5:23And certainly, if there are barriers to innovation, which you identify in the book, then we should get rid of them if we can. So, let's talk about those. You identify a whole bunch of different problems, and opportunities that aren't being taken advantage of. The first one you mention is the U.S. patent system. Which is a little ironic, because it was put into place to preserve incentives for innovation. So, make the case for and against patents. What's the argument? The argument for patents is that imitation is a lot cheaper than innovation. So that, if a firm innovates, creates something new, and another firm can come along, imitate that product, eat away all the profit, and the first firm can't recover its research and development costs. And then they wouldn't have any incentive to do them and you won't get much innovation in the first place. Exactly right. Now, there's lots of arguments against. One of the first arguments against is just to ask: Are patents necessary? Because often it takes a long time to imitate a product. It's not always easy. I have a number of examples. I look at roses, for example. Roses have been around for thousands of years. The Chinese emperor had hundreds of books in his library about how to propagate roses. No one has ever claimed that we don't have enough new roses. And yet, for the first time ever, in 1930, we created in the Plant Patent Act, we could patent roses. So, did patenting of roses lead to more roses, more beautiful roses? Because people could capture the benefits without fear of being copied? Exactly. Did it lead to a flowering? No, it did not. We didn't see any big increase in rose innovation. In fact, we might have seen a little bit of a decrease. Moreover, even today, most new roses are not patented. Most inventions, most innovations are not patented. And I think people are a little bit surprised about this. With a few exceptions--chemicals, pharmaceuticals--being really the two biggest important exceptions. In some fields we don't even all patents, like fashion. Highly innovative, no patents at all. But in most fields, most innovations are not patented at all. You mention an example I've been thinking about recently, which is sports. Somebody innovates a new formation in football. It can't be patented. But coaches spend hours looking for a small edge. It's true that once you see it you can copy it, but usually the person who creates it, for a variety of reasons might be able to implement it better than the copier, either because they understand it better, either because it's theirs; they have more passion for it. And that's also true in many cases for ideas. People come up with ways to make it harder to copy without using patents and the monopoly power that come with them. Certainly there's a lot of innovation in the fashion world without patents. We had a podcast on that. But there are exceptions, as you point out. So, you would not get rid of patents on pharmaceuticals. Why? So, pharmaceuticals are really the classic case of where the innovation-to-imitation costs are extraordinarily high. It costs about a billion dollars to create a new pharmaceutical. The first pill costs a billion dollars; the second pill costs 50 cents. So, that's a classic case where imitation costs really are low. That's the best case for patents, in a field like that. But my question is: Why does every innovation deserve or require the same 20-year patent? Why do we have a system which gives a one billion dollar pharmaceutical--where there's $1 billion in research and development costs--we give that a 20-year patent and one-click shopping gets the same 20-year patent? That makes no sense whatsoever. So, what I suggest is a more flexible system. I'd like to have a 20-year patent, maybe a 15-year patent, maybe a 3-year patent. Something like that. And then we could say: You want to apply for a 3-year patent? We are going to get this through the system quickly; we won't look at it so much. Hurdle to make the case for it smaller. Exactly. You want a 20-year patent, though: You'd better show us that you really are deserving and put some costs in there. Now, a side-note on the pharmaceuticals--I'm surprised you didn't mention this. Maybe you are just trying to be strategic. It's true it costs a billion dollars to develop a new drug; but there's a reason it costs a billion dollars. A lot of that cost is to no avail. It's replicating tests that sometimes already happened in Europe. A lot of it is the regulatory structure around the drug industry. People who are worried about drug pricing--one of the ways to solve the drug pricing problem is to remove the patent or shorten the patent. I'd like to shorten, reduce the research and development costs and the approval costs. Are you with me there? Absolutely. So, we have drug lag and even more importantly, we have drug loss. There are lots of drugs today which probably could be invented, but people know going in the costs are just too high. So, sure, I would like to see those costs come down. As a theoretical point, however, I still think that the pharmaceutical industry is the best case for a patent in that the innovation/imitation costs are very high. But there are other things we can do to bring those costs down.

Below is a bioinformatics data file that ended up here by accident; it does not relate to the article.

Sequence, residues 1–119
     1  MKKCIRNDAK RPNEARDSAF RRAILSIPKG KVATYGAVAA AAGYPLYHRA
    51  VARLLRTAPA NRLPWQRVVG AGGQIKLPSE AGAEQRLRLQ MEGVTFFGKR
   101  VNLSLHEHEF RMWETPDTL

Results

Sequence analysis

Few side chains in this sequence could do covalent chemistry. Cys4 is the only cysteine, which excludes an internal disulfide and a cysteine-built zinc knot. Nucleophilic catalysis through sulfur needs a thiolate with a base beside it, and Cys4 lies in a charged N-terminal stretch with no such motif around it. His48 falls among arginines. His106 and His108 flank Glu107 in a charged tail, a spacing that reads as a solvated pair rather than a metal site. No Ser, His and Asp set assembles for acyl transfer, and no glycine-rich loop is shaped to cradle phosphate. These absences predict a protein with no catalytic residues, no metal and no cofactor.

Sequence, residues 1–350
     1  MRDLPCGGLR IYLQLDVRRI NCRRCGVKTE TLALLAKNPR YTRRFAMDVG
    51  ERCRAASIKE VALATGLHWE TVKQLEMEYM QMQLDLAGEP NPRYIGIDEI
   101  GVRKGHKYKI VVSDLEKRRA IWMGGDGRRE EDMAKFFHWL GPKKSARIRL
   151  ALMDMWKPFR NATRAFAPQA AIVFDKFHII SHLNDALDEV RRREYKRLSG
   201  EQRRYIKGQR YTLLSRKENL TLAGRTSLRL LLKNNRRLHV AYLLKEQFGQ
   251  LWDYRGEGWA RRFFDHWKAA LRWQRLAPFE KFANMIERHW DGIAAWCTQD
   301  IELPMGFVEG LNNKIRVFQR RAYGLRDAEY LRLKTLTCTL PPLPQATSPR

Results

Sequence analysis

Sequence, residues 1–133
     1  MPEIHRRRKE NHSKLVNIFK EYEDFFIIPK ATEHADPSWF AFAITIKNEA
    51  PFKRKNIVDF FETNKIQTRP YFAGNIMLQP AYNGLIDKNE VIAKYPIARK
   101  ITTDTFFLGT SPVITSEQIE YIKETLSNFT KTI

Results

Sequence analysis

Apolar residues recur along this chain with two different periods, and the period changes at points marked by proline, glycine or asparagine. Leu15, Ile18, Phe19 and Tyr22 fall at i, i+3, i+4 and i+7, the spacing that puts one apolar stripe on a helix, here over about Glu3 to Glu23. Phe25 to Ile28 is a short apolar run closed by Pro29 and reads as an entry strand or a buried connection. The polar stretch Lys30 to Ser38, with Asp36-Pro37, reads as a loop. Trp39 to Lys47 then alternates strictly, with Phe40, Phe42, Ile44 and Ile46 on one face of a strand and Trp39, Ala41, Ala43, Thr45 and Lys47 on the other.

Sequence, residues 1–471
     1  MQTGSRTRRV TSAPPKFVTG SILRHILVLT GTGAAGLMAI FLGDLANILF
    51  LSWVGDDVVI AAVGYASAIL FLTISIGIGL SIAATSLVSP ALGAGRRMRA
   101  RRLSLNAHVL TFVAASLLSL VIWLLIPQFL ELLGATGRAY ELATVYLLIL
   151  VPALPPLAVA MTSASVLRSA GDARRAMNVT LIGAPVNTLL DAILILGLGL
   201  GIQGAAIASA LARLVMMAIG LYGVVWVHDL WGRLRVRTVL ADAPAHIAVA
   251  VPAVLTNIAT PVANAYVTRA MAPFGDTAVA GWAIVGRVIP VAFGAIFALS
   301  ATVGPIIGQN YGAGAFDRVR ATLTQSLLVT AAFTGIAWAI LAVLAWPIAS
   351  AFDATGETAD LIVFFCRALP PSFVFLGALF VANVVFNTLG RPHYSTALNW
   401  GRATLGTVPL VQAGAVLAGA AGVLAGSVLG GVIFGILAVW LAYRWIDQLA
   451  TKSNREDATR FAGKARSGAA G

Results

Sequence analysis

11:24So, let's talk about the expansion of patentability that's happened in the last 15 years or so, where the courts have allowed ideas to be patented, business concepts. A lot of people you hear have come forth and said this is crazy. And a point you emphasize, which I think is very compelling, which is that when you patent ideas, that makes it hard for people to use those ideas to create new innovations. So, one of the disincentive effects of patenting is that it discourages ideas being used in creative and new ways. Everything is, as you point out, we are always standing on the shoulders of giants--the Isaac Newton quote. Newton didn't have to pay for it, but the rest of us are. You might say: so, that's not a big deal; so, you pay for it. But the problem is that paying for it isn't so simple. Right. So, let me come back to that point in a minute. Before we quite get there, I want to give you another example which I think is important. I want your audience to think about the most innovative U.S. company, the most important innovative U.S. company they can think of. Maybe you are thinking about Apple. Some people would. That's definitely an innovative company. I'm thinking about the Patriots, Bill Belichick, because I like the sports thing. Or maybe a fashion--I don't have any fashion expertise, as listeners know. Go ahead. I'm going to say: Walmart. Now, you think about Wal-mart, the world's largest corporation, half a trillion in sales every year. Estimated to have saved consumers a quarter of a trillion dollars annually. This is an incredibly important U.S. corporation. And if you think about the booming 1990s, where were the big productivity gains in that decade? In retail. Boring, hundred-year-old retail industry. And yet that is where we saw really big productivity improvements. A huge chunk of that coming from Walmart. And how did they do this? Was it coming from some new high-tech invention? No. They did it by better training of the sales staff, better training of cashiers. Through some Radio Frequency Identification (RFID) chips and things like that. Application of technology. Innovation there that clearly was not patented. Exactly. In fact, Wal-Mart, world's largest corporation, has about 60 patents to its name--a trivial amount--including one for a shoe box. So, here we see an incredibly important U.S. company not using patents at all, and I think that's important to really remember. It's a great point. The only caveat I would add is that 60 is a small number compared to, I think you give Microsoft's, which is in the thousands; but it could be that one of those 60 is the key patent that allowed them to use some sort of information technology (IT). But I think that's not true. My guess is, as you point out: They figured out some ways to apply technology and training and other things. Everybody copied them. Target copied them; K-Mart copied them; others copied them who have disappeared--because they couldn't do it as well. For a whole bunch of reasons that you and I have no idea what they are. Assume it had to do with how it was implemented, who implemented it, synergies they had with other stuff they were doing. But clearly they were able to be innovative without it. But in the area of high tech--where are we going to go after this? Cumulative innovation and ideas. So, when we talk about these drawbacks to the current system and how lenient it is and allowing things to be patented that make it harder to innovate--but I look at the pace of innovation. It looks pretty good. I look at the gadgets and the Internet--yes, it's kind of crazy that one-click is patentable, kind of crazy that people can patent ideas, business concepts. It's almost as silly as saying a podcast should be patentable. Whoever gave the first podcast--that was a great invention, a radio thing on the web. But obviously that's foolish and discourages innovation and things that make the world a better place. But what's the evidence that this is causing a big problem? It does appear to be making a lot of employment for lawyers, who have to deal with all these systems and make sure they have taken care of all the intellectual property. Is there something to be worried about? I think the problem is that you may be looking for the evidence where the lamp is. You are looking for evidence of how innovation has been reduced in highly innovative fields. But these highly innovative fields--the Internet and smart phones and so forth--they've been innovative not because of these patents but despite them. And I think the situation is becoming worse in these fields. So, what we are seeing right not is firms like Google and Microsoft buying up these patent arsenals. And they are not doing it because they need access to those technologies. They are doing it because another firm can't sue them and prevent them from innovating. Well, what's bad about that? What's bad about that--I call this the Mutually Assured Destruction--and mutually assured destruction I think was not the greatest way to maintain peace. Probably not the greatest way to maintain innovation either. And I think what the real problem of this idea of innovation through strength--we will be able to innovation because we have this patent arsenal behind us--is that small firms don't have that. So, we are seeing a kind of Intellectual Property (IP) feudalism. We are seeing these very big companies get ahold of these arsenals so nobody can attack them. But that means the small firms can't attack them either. Small firms are being crushed. And what do we know about really disruptive creative disruption? That often comes from the small firms. So, I am worried that we are going to see--yes, you can get innovation if it's from big Google, but what about the little google, the google of 20 years ago, the next google? Which doesn't exist because it can't have the legal department, at its small size, that its competitors have. So, the innovation we are not seeing, that's the invisible innovation. We are not seeing it; we can't look for where it is.